18-Mile Skydive That's Just A Warm Up

When the average person skydives, he or she jumps from a plane. A small, rickety, makes-you-really-glad-you're-wearing-a-parachute plane, but a plane nonetheless. But when Felix Baumgartner skydives, he jumps from a balloon-lifted capsule while wearing what is, more or less, a space suit. Why? Because he's jumping from the second-highest skydiving height in history. And by September, he will have jumped from the highest-ever altitude—but more on that later. 

On July 25, the Red-Bull sponsored "Fearless Felix" launched himself out of the space capsule to fall over 96,640 feet (that's 18 miles, folks) reaching speeds of up to 536 mph. (For perspective, he descended the distance of New Hampshire's entire ocean coastline at a speed that, if his suit were to malfunction, would "make his skin boil.") After a 90-minute ride to the jumping point, Baumgartner was in freefall for nearly four minutes and in the air for a grand total of 10 before safely reaching ground.


This jump, however, was only the second installation in a three-part series for the 43-year-old Austrian. The project, called Stratos, plans to drop Baumgartner from a height of 120,000 feet—the highest jump in history by about 17,000 feet—allowing his freefall to break the speed of sound. If he succeeds, he will be the first person to ever reach supersonic speeds with his body, which means NASA is paying close attention in hopes to gain knowledge for future space expeditions.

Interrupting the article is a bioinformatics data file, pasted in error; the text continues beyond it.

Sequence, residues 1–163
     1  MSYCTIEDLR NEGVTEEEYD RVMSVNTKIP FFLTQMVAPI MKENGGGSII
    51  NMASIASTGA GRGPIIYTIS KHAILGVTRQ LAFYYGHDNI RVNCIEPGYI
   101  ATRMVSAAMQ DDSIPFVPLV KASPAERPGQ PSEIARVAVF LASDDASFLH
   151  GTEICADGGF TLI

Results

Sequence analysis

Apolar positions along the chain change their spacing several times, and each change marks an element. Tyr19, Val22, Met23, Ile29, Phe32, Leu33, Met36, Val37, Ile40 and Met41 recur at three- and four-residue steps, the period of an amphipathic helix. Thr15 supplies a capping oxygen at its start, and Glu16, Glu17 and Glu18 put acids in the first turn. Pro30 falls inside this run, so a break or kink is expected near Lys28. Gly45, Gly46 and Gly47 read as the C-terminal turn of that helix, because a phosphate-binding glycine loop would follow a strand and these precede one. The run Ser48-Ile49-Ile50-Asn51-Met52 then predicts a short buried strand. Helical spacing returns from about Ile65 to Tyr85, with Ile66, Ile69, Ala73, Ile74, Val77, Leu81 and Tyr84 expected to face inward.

For anyone aching to see what earth looks like from that height, Red Bull has released an animated version of Baumgartner's final jump. And even though it's not real (yet), I guarantee it will make your stomach churn.   

And (for now), Fearless Felix remains worthy of his name. After landing successfully last week, he said, "I am now really excited. It has always been a dream of mine. Only one more step to go." 

Right. "One step."